Eric Smith comes from the part of Ohio where gaseous sodas are called "pop." He also called them his favorite drink, for lunch, dinner and refreshments.
] Then, when he was diagnosed with type 2 diabetes in November 2016, Smith knew he was going to have to cut back – in fact, he cut all the sugary soft drinks and switched to water.
Stop eating fast food, white bread and other junk and in the space of a few months, he changed his diabetes and now has normal blood sugar.
On Tuesday, a larger study confirmed what Smith and others like him have found: a strict diet to lose weight can reverse the progression of type 2 diabetes and getting many people back to normal.
"I was drinking maybe six cans of pop a day if I averaged the amount," said Smith, a 40-year-old bookkeeper. ] "Each meal would have one maybe two with lunch, two with the c ena If it was not pop, it was a sugary drink somewhere. "
And Smith was, like many Americans, obese." He had up to 390, "he said.
He joined Cleveland's Lifestyle Essentials program, which includes A series of six appointments to help people learn how to improve their habits By changing their diet and adding a little exercise, they have lost weight and controlled their blood sugar level.
"Now I have 345 , 350, "said Smith, whose blood sugar level is in the normal and healthy range.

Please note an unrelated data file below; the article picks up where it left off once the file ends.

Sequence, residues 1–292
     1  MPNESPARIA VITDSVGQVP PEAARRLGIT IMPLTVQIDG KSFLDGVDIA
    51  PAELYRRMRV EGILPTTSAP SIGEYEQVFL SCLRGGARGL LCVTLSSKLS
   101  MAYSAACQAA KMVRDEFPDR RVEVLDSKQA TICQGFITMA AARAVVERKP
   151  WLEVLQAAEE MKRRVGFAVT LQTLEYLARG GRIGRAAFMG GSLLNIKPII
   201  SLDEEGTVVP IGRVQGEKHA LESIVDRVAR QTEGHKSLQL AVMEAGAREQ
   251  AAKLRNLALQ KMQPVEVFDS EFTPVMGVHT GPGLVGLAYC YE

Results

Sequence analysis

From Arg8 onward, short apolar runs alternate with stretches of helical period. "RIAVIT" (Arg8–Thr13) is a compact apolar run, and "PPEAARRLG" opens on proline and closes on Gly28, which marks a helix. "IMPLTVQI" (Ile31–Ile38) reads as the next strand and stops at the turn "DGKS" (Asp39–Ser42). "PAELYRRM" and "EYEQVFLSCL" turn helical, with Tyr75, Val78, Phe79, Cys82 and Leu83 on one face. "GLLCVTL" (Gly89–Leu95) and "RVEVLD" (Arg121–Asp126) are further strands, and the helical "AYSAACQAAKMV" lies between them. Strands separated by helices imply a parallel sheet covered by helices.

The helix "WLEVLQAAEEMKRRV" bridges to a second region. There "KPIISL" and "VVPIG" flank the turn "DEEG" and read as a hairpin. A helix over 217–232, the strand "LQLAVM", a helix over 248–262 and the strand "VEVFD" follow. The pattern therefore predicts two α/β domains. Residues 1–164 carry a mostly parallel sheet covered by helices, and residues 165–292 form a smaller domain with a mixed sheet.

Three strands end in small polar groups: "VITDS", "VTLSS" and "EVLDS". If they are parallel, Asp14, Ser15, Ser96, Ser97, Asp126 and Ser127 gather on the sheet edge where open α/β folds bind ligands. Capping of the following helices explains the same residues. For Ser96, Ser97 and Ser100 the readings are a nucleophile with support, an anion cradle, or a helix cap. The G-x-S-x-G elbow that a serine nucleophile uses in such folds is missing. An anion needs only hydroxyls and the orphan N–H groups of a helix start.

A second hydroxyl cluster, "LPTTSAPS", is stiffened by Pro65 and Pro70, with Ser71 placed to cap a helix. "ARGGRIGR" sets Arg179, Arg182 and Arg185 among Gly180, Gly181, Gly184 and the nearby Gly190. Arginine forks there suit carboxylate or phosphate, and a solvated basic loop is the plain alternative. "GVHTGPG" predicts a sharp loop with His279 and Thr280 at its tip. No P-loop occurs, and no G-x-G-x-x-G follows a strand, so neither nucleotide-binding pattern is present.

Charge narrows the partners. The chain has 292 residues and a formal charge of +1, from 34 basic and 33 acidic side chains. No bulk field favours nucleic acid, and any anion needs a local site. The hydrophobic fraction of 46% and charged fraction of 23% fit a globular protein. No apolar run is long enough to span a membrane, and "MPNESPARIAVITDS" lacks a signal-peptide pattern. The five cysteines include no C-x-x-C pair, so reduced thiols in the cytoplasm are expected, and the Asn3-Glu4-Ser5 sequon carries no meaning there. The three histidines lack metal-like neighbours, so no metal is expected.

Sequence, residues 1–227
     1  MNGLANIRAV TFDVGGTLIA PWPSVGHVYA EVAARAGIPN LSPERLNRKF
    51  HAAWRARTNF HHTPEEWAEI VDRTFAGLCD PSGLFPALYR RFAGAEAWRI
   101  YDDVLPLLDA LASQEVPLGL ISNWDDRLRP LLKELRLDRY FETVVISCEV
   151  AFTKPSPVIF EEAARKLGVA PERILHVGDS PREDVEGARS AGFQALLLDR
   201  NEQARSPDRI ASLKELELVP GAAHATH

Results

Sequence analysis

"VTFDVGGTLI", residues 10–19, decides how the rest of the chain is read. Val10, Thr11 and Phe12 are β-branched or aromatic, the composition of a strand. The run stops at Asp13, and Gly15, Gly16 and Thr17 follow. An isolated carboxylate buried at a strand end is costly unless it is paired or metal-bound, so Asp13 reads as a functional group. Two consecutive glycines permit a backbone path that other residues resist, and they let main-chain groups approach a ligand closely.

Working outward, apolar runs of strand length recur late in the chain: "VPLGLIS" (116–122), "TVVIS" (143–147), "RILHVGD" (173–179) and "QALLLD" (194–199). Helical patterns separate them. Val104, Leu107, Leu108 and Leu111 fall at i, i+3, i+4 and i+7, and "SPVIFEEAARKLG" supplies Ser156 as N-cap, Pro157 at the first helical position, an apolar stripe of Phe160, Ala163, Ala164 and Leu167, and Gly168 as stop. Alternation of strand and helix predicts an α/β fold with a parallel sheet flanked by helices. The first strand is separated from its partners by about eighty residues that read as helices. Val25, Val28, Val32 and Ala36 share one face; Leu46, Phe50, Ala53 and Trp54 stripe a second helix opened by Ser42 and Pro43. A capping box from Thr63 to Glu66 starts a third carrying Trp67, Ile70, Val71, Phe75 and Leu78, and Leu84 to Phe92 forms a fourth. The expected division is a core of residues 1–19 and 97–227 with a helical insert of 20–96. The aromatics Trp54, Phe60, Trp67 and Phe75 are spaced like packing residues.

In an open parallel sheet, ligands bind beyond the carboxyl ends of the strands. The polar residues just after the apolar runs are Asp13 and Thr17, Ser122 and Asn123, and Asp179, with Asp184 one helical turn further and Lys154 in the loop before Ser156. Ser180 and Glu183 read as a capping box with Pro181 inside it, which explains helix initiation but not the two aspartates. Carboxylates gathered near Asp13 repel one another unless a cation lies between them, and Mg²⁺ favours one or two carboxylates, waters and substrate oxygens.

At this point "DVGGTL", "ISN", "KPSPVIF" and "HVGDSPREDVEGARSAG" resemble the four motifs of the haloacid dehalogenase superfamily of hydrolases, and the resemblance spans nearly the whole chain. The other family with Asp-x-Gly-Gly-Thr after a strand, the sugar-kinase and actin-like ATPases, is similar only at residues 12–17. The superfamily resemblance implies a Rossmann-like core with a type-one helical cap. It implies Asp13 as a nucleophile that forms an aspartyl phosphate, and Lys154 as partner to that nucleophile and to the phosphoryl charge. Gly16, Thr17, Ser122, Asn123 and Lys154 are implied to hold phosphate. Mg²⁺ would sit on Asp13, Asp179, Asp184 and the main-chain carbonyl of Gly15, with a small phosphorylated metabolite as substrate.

Related: Half of Americans have diabetes or high blood sugar levels
evidence that weight loss alone can control diabetes, which kills more than 70,000 Americans each year.
Other studies have shown that weight loss surgery can help reverse diabetes, but that's a extreme choice.The study published the m Arts showed that people can do it with diet.
"If this study shows that a low-calorie diet is an effective and practical way to put type 2 diabetes in remission, now and in the long term, it could completely transform the way diabetes type 2 is treated. "said Diabetes UK, which paid for and sponsored the study.
"Bariatric surgery can achieve the remission of diabetes in approximately three-quarters of people, but it is more expensive and risky, and is only available to a small number of patients," said Roy Taylor of the University of Newcastle , United Kingdom, who helped lead the study.
"The weight loss goals provided by this program can be achieved for many people."
The British in the study followed a much stricter weight loss diet than Smith's "do-it-yourself" regimen administered with the help of the Cleveland Clinic.